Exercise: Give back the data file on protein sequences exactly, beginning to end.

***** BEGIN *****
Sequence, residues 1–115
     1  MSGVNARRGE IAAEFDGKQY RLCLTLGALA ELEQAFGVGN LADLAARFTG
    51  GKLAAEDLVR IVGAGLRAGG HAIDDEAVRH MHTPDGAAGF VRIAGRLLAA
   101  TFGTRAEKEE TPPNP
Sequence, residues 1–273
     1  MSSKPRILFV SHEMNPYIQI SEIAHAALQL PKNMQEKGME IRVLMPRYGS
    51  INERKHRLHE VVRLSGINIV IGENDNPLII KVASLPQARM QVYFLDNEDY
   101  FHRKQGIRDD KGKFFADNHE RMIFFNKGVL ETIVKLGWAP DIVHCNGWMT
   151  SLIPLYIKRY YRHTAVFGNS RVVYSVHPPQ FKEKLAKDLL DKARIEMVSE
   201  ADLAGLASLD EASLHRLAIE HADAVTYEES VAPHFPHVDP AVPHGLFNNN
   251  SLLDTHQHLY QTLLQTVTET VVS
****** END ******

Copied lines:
Sequence, residues 1–115
     1  MSGVNARRGE IAAEFDGKQY RLCLTLGALA ELEQAFGVGN LADLAARFTG
    51  GKLAAEDLVR IVGAGLRAGG HAIDDEAVRH MHTPDGAAGF VRIAGRLLAA
   101  TFGTRAEKEE TPPNP
Sequence, residues 1–273
     1  MSSKPRILFV SHEMNPYIQI SEIAHAALQL PKNMQEKGME IRVLMPRYGS
    51  INERKHRLHE VVRLSGINIV IGENDNPLII KVASLPQARM QVYFLDNEDY
   101  FHRKQGIRDD KGKFFADNHE RMIFFNKGVL ETIVKLGWAP DIVHCNGWMT
   151  SLIPLYIKRY YRHTAVFGNS RVVYSVHPPQ FKEKLAKDLL DKARIEMVSE
   201  ADLAGLASLD EASLHRLAIE HADAVTYEES VAPHFPHVDP AVPHGLFNNN
   251  SLLDTHQHLY QTLLQTVTET VVS